The Comparative Lessons of Itar-Tass Russian News Agency v Russian Kurier
The Cambridge Handbook of Intellectual Property Law and Policy in Central and Eastern Europe, Mira T. Sundara Rajan, ed., Cambridge University Press, 2019, Forthcoming
23 Pages Posted: 22 Jun 2018 Last revised: 30 Aug 2018
Date Written: June 22, 2018
For a large part of the past century, the cold war between the Soviet Union and the United States and Russia’s continued refusal to join the Berne Convention for the Protection of Literary and Artistic Works, the predominant international copyright agreement, have raised complicated questions concerning the protection of Russian authors in the United States. The case that has received considerable attention in intellectual property literature is Itar-Tass Russian News Agency v Russian Kurier, Inc. Filed in the mid-1990s, shortly after Russia’s accession to the Berne Convention, this case covered not only choice-of-law questions in the intellectual property field, but also the interrelationship between domestic law and international treaties. Less frequently explored, however, are the rich comparative lessons that the case has provided on the development of intellectual property law and policy in Central and Eastern Europe.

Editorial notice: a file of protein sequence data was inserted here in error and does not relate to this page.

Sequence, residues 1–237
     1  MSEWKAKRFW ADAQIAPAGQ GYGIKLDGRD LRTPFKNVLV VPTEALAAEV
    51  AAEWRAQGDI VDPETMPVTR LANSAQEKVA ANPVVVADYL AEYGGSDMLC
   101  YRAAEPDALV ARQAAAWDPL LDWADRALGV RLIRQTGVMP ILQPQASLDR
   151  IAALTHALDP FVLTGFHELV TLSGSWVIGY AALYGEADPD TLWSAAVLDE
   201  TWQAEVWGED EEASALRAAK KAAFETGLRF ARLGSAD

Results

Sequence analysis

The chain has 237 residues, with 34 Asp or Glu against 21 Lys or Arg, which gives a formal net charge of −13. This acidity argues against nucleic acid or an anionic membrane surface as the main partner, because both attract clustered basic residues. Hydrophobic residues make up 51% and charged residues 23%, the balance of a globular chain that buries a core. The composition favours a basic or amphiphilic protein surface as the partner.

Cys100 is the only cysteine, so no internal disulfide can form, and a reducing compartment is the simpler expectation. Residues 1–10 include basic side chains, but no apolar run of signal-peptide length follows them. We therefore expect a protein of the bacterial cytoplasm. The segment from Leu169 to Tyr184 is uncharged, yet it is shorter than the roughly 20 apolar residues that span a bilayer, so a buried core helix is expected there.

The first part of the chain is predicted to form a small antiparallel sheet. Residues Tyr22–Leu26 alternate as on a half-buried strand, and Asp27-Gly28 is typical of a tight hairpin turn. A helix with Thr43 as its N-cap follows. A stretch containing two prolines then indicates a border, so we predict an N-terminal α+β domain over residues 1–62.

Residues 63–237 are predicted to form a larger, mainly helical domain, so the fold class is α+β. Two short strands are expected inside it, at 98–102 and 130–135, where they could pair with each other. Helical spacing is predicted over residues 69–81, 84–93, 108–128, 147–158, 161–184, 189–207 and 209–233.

Taking advantage of the twentieth anniversary of the decision handed down by the US Court of Appeals for the Second Circuit and the author’s past interest and experience in Russian media law and policy, this commissioned chapter closely examines the various comparative lessons provided by the case. It begins by recapturing the judicial opinions in the first instance and at the appellate level. The chapter then examines the comparative lessons in four specific areas: (1) the choice of applicable law; (2) the role of private international law in resolving cross-border intellectual property disputes; (3) the interplay of intellectual property and freedom of expression; and (4) the impact of the global economy on international intellectual property norm setting.
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